Regular screening is one of the most powerful weapons for preventing colorectal cancer. Excluding skin cancers, colorectal cancer is the third most common cancer diagnosed in both men and women in the U.S. Even though we don’t know the exact cause of most colorectal cancers, it is possible to prevent many of them.
Screening is the process of looking for cancer or pre-cancer in people who have no symptoms of the disease. From the time the first abnormal cells start to grow into polyps, it usually takes about 10 to 15 years for them to develop into colorectal cancer. Regular screening can, in many cases, prevent colorectal cancer altogether. This is because most polyps can be found and removed before they turn into cancer. Screening can also find colorectal cancer early, when it is highly curable.
People who have no identified risk factors (other than age) should begin regular screening at age 50. If the screening shows no polyps or cancer, then it can be repeated in 10 years. Those who have a family history or other risk factors for colorectal polyps or cancer, such as inflammatory bowel disease, should talk with their doctor about starting screening at a younger age, about getting screened more frequently, and about which tests are best for them.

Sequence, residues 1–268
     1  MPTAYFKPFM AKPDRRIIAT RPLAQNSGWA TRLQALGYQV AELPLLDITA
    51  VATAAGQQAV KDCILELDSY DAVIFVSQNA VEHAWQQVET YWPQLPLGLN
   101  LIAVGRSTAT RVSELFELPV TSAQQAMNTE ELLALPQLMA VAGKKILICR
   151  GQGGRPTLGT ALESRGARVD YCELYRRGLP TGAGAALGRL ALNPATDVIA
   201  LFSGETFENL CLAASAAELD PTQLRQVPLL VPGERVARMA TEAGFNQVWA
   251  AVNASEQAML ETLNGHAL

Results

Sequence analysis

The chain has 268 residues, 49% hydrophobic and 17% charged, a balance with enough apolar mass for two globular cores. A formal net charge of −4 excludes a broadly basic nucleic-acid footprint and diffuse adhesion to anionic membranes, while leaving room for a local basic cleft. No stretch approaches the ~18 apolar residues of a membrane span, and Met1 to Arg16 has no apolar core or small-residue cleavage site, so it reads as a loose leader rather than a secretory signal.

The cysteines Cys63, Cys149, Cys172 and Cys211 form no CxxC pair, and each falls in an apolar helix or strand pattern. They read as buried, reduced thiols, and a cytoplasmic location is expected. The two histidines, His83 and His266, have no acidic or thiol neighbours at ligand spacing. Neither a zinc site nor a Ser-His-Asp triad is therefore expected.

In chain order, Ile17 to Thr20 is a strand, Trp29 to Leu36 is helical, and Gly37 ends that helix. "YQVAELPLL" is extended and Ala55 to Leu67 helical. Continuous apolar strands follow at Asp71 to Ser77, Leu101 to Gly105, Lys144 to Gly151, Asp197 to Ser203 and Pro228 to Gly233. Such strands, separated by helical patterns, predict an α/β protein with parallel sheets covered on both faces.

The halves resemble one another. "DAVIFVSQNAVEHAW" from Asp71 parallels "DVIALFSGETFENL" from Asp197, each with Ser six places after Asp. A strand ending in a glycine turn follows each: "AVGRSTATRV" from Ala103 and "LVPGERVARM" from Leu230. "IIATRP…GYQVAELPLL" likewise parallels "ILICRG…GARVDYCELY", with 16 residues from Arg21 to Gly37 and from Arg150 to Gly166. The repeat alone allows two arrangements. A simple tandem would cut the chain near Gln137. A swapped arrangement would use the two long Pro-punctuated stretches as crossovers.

If you have a strong family history of colorectal polyps or cancer, you should talk with your doctor about it. While cancer in close (first-degree) relatives such as parents, brothers, and sisters is most concerning, cancer in more distant relatives can also be important. Having two or more relatives with colorectal cancer is more concerning than having one relative. It is also more concerning if your relatives were diagnosed with cancer at a younger-than-usual age, while less concerning if they were diagnosed at an advanced age.
You might benefit from genetic counseling to review your family medical tree to see how likely it is that you have a family cancer syndrome. The counselor can also help you decide if gene testing is right for you. People who have an abnormal gene can take steps to prevent colon cancer, such as getting screened at an early age or even having surgery.
Before getting genetic testing, it’s important to know ahead of time what the results may or may not tell you about your risk. This is why meeting with a genetic counselor or cancer genetics professional is crucial in deciding if genetic testing should be done.
Source: American Cancer Society